This company was probably organized in August 1875 by investors in the original Automatic Telegraph Company in order to contest the Atlantic and Pacific Telegraph Company's use of Edison's automatic patents without proper recompense. Edison assigned his patents to the new company in December 1875.
This successor to the National Bell Telephone Company was formed in 1880 after acquisition of Western Union's telephone patents (including Edison's) in November 1879. Edison began working under a five-year agreement as a contact inventor for the company in 1884.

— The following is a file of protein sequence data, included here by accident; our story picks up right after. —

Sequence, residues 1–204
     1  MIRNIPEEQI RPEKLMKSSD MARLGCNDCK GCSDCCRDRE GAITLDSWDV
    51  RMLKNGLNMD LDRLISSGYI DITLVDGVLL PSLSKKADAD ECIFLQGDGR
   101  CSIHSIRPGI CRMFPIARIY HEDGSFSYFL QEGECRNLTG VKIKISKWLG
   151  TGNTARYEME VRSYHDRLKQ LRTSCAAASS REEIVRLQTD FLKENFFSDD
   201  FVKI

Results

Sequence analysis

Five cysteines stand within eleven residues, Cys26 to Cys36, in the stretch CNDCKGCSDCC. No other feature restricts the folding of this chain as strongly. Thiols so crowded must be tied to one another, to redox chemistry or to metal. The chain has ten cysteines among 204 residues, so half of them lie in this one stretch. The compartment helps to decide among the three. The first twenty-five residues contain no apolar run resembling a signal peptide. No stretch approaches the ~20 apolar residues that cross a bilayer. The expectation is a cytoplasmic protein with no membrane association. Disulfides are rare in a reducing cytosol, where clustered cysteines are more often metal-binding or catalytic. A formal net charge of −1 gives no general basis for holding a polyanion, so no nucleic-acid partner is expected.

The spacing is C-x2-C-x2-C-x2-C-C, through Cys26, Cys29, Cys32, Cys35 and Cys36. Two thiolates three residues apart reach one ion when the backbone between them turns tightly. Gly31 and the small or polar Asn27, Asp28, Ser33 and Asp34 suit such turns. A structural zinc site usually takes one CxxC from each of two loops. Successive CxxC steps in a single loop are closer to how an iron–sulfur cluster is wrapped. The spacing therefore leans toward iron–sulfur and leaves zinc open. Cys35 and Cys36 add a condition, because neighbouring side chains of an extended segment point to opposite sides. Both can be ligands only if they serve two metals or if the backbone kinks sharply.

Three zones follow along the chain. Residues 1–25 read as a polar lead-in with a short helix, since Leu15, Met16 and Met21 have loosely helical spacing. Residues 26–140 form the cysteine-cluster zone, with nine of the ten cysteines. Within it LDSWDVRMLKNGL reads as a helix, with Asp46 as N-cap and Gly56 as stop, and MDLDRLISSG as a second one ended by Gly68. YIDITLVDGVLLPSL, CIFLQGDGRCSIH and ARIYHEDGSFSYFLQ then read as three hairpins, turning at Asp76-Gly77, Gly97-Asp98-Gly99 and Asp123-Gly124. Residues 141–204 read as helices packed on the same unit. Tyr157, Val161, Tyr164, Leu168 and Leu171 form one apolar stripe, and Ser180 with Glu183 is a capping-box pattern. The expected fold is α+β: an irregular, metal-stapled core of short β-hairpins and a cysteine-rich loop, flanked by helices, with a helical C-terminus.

This company was incorporated in New York in May 1872 by Gold and Stock Telegraph Company investors to exploit the district telegraph system invented by Edward Calahan, who had also invented the Gold and Stock ticker. Edison's first caveat for improvements in district telegraphy and an unsuccessful patent application were both assigned to this company.
This company was incorporated in New York on July 1, 1870 to exploit the printing telegraph patents of Edison and Franklin Pope for private lines. By October 1870 control of the company had passed to the Gold and Stock Telegraph company, whose president Marshall Lefferts had been one of the incorporators of American Printing.